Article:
Relaxation is often the beginning of healing. While it won’t solve all our problems, its benefits extend beyond its ability to relieve tension. When faced with numerous responsibilities and tasks or the demands of an illness, relaxation techniques may not be a priority in your life.

According to researchers at the NIH and the Mayo Clinic, some of the health benefits of relaxation include: lowering blood pressure and fatigue, improving digestion, reducing the activity of stress hormones, reducing muscle tension, chronic pain, anger and frustration, improving concentration, mood and sleep quality.

Having a choice in how you feel

Learning to relax at will give you a sense of confidence in your ability to focus your mind and more familiarity with your thoughts and feelings. Additionally you become aware of having more choice in how you react and how you feel. When you learn what relaxation feels like, you are better able to recognize the contrasting feelings of tension, allowing you to more accurately identify what makes you tense. This practice can be the beginning of your ability to deal with stress more effectively, by supplementing it with other positive coping methods, such as thinking positively, finding humor, managing time, exercising, getting enough sleep and reaching out to family and friends for support.

Deep relaxation followed by specific imagery/visualization

When our mind entertains an image, it communicates to the body through sensations. Much of the time we may not be aware of this ongoing internal dialogue – which is sometimes healthy and other times harmful. If we remember an argument we had with a close friend recently, our body reacts today as though we are still arguing. If we close our eyes and notice – the breathing might have become more rapid or shallow, the muscles may have tightened, heart may be beating faster and we may feel anxious. Similarly if we think back to the last time we felt close to a friend or loved one, or imagine a peaceful scene, maybe in nature or a temple or church. Notice the body, it may begin to relax, your breathing may have become deeper and more regular, your heart rate may have slowed and you feel good.

If we start with the body as the centre of meditation, rather than the mind, we can engage both though the mind-body connection. The link between the body and the emotions is now scientifically established, and the exchange and union between the body and mind that takes place in a Yogi’s meditations is particularly effective for relaxation. Using breath control and simple arm movements to direct energy-flow can create perfect balance in the body and rid it of samskaras, the energetic residue of emotional scars. Samskaras can make us lethargic, depressed, stressed and anxious. The benefits of distributing breath and energy evenly are felt at every level: the body’s organs are balanced, emotional transformation occurs, self-awareness, vitality, clarity, and a sense of calm, balance and harmony are increased and the digestive, cardiovascular and nervous systems are all positively affected.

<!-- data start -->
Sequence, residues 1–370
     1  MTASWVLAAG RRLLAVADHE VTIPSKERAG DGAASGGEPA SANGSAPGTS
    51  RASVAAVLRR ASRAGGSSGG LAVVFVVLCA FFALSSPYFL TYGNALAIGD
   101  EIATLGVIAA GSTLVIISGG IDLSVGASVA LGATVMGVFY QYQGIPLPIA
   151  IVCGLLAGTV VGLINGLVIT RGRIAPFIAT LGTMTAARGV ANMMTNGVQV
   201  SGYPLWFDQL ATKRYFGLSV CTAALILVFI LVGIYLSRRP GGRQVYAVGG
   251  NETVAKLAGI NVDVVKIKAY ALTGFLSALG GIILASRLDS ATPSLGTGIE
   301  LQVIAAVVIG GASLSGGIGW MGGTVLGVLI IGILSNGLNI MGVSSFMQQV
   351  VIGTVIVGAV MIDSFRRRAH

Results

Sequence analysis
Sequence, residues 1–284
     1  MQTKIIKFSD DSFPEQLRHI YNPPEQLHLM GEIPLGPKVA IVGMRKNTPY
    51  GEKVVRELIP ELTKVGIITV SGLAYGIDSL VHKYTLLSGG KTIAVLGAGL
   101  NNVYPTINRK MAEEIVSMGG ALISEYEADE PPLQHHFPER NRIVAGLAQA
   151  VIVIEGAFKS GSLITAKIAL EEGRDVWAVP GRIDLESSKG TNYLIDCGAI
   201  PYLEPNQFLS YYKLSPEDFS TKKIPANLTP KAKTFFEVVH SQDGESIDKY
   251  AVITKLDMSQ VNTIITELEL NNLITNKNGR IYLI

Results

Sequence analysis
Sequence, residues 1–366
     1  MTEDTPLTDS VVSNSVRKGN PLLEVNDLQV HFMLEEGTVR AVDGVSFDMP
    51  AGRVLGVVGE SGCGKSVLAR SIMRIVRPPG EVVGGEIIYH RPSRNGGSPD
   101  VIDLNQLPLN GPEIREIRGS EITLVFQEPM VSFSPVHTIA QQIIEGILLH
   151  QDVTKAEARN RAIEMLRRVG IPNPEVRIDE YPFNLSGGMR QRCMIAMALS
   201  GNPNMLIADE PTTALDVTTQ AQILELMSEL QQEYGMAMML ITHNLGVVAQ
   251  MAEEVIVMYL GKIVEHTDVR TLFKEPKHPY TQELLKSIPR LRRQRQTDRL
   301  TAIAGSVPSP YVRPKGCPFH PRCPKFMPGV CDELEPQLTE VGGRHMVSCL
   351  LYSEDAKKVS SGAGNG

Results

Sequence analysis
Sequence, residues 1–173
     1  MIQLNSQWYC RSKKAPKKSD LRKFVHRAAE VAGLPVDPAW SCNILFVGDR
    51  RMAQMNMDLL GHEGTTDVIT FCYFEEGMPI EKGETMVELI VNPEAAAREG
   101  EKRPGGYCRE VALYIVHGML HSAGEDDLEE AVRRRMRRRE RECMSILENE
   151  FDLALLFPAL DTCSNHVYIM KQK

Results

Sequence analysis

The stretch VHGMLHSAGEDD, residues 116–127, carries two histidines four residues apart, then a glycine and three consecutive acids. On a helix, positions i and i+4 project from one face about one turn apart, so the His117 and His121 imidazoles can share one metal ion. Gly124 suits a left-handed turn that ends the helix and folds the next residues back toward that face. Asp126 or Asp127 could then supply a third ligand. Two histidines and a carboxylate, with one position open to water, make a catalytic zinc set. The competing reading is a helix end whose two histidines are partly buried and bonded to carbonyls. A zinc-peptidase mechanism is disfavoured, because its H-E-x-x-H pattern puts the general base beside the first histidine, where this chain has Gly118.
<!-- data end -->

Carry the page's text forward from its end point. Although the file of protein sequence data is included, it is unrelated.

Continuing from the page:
Deep relaxation evokes a state of mind in which specific imagery techniques are most effective. You may form mental images to take a visual journey to a peaceful, calming place or situation. To relax using visualization, try to incorporate as many senses as you can, including smell, sight, sound and touch. If you imagine relaxing at the ocean, for instance, think about the smell of salt water, the sound of crashing waves and the warmth of the sun on your body.

Relaxation techniques are the first step in learning to use your images, thoughts, and feelings skillfully. The ability to quiet your mind and concentrate your attention will enable you to make the best use of visualization practices.

As you learn relaxation techniques, you will find yourself becoming more aware of muscle tension and other physical sensations of stress. Once you know what the stress response feels like, you can make a conscious effort to practice a relaxation technique the moment you start to feel stress symptoms. This can prevent stress from spiraling out of control. Remember that relaxation techniques are skills – as with any skill, your ability to relax improves with practice.

The Longer the leap by Danna Faulds

I’am not here to muddle through,

one tedious chore at a time.

My destiny isn’t boring or

humdrum but vibrantly alive –

each breath a chance to draw

the mystery inside of me and

let life work its magic.

All it takes is the choice to

open my heart and give myself

fully into life. Obstacles,

impossible odds, fear, and

hesitation are all here to

awaken my determination,

to stimulate the knowing that

my soul isn’t here to be

a spectator. This day was made

for jumping into with both feet,

the longer the leap, the more

satisfied my smile will be tonight

when I give myself to sleep.